A drop in coal-fired power, combined with the removal of domestic production restrictions spells the death knell for coal imports from overseas. China could become a net exporter of coal again before 2020, which would see the seaborne thermal coal market weakened again, the report finds.

Having analysed the implications of the 2020 targets contained in China’s 13 FYP for plants under construction, the analysis then looks at the gross profitability of the existing coal fleet.

A new era of power market reforms and the introduction of a national Emissions Trading Scheme (ETS) will erode the margins for coal plants to unattractive levels by 2020. Incorporating a carbon price of $US10 t/CO2 to reflect the introduction of a national ETS in 2017 and a 15% reduction in coal power tariffs from ongoing power market reforms, the gross profitability of the operating fleet halves by 2020. As a result, 27 GW becomes cash flow negative and 140 GW makes a gross profit of US$5 per MWh or less.

“Reforms to the power sector and the introduction of a national ETS mean that the current profitability of the coal fleet is not likely to continue. This is essential in order for China to start planning a phase-out of its coal capacity,” said Matthew Gray.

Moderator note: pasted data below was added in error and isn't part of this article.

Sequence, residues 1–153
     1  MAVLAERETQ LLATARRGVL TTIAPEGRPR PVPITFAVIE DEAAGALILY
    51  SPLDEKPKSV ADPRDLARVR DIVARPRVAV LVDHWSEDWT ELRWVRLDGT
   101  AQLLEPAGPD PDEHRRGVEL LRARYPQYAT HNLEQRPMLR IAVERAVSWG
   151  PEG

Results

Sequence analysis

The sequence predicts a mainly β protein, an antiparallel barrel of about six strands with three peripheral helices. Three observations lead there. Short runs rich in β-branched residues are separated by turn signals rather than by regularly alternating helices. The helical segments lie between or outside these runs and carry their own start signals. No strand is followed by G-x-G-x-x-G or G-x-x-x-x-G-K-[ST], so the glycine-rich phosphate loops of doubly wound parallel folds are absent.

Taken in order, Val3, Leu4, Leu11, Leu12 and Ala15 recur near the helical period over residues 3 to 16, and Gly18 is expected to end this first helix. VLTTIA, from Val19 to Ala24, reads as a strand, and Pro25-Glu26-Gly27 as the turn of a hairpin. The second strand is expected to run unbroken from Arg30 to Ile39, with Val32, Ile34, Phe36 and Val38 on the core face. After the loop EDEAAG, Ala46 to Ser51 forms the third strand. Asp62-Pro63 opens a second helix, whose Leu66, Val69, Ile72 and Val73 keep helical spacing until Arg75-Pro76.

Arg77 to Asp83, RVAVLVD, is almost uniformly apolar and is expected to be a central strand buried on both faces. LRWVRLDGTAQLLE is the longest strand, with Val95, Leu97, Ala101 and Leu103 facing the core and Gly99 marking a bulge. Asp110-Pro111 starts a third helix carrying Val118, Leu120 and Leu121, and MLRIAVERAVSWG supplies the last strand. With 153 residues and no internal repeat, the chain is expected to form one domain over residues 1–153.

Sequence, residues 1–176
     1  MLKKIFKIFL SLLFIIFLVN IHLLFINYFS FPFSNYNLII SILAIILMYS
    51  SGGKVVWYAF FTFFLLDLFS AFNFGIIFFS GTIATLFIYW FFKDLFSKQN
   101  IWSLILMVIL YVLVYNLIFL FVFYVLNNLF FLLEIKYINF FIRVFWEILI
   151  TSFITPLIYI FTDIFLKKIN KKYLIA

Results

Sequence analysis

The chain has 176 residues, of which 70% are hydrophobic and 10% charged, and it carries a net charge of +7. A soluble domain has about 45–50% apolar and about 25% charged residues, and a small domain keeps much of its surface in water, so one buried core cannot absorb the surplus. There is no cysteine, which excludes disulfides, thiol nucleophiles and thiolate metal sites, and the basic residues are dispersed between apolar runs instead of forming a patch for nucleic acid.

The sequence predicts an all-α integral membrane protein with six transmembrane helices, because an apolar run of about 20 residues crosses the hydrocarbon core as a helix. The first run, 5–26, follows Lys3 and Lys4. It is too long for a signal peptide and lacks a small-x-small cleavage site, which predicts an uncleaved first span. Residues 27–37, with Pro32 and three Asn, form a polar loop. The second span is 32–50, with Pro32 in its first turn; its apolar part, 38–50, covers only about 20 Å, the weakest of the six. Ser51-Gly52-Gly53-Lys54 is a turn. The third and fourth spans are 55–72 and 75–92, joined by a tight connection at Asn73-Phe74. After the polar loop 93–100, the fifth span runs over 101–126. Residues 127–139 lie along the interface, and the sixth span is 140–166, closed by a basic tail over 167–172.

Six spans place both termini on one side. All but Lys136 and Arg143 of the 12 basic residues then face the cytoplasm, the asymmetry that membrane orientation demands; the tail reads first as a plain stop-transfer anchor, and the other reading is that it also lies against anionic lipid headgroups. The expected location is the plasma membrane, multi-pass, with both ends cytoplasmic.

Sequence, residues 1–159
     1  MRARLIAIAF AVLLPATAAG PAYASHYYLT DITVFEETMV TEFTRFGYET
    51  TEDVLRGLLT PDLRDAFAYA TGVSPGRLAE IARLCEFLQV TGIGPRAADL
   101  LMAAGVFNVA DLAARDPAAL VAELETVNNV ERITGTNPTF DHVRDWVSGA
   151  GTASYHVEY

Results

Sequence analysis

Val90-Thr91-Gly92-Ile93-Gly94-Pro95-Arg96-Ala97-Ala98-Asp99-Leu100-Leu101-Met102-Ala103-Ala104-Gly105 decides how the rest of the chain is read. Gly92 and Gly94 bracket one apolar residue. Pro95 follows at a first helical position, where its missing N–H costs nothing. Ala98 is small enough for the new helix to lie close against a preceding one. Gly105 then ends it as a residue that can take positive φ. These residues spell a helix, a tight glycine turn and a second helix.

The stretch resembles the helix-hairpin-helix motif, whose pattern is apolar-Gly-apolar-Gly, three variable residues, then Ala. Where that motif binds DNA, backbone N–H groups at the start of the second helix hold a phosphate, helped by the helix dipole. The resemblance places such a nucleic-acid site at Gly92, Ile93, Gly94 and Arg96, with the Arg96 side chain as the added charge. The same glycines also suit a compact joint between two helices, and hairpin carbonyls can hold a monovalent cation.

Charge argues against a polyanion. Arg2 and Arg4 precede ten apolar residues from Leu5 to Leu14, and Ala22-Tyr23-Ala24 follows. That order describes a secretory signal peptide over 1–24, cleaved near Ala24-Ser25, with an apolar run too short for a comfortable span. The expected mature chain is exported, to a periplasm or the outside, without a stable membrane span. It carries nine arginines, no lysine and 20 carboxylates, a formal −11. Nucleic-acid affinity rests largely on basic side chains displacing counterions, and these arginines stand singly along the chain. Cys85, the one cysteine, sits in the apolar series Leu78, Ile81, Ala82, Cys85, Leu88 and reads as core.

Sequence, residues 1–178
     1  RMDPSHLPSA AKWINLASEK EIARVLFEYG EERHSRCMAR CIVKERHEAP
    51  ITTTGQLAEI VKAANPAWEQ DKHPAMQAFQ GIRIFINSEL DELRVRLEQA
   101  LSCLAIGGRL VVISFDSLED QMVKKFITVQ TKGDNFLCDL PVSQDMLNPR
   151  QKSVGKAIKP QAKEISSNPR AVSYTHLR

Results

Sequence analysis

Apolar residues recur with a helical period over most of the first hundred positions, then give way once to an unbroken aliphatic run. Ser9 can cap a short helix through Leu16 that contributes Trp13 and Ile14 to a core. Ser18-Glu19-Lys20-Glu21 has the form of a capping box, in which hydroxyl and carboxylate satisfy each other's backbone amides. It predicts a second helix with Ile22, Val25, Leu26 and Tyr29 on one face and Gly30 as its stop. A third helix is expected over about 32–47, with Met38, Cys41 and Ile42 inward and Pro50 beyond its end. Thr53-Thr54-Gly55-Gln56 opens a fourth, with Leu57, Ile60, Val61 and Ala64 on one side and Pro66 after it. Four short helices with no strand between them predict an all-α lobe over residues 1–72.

A longer-term scenario in the study analyses the implications of limiting global averages temperature increases to 2 ̊C, confirming the need for China to start planning the early retirement of coal plants not retrofitted with Carbon Capture and Storage (CCS)

The clear direction of travel for coal consumption is underscored by the IEA’s 2016 World Energy Outlook that brought forward the peak for thermal coal demand in China by 17 years in its New Policies Scenario- recognising demand peaked in 2013 as opposed to 2030.


Is Wood Burning Sustainable For Your Home?



sustainable wood burning ideas

Wood is a classic heat source, whether we think about people gathered around a campfire or wood stoves in old cabins, but is it a sustainable source of heat in modern society? The answer is an ambivalent one. In certain settings, wood heat is an ideal solution, but for the majority of homes, it isn’t especially suitable. So what’s the tipping point?

Wood heat is ideal for small homes on large properties, for individuals who can gather their own wood, and who have modern wood burning ovens. A green approach to wood heat is one of biofuel on the smallest of scales.

Is Biofuel Green?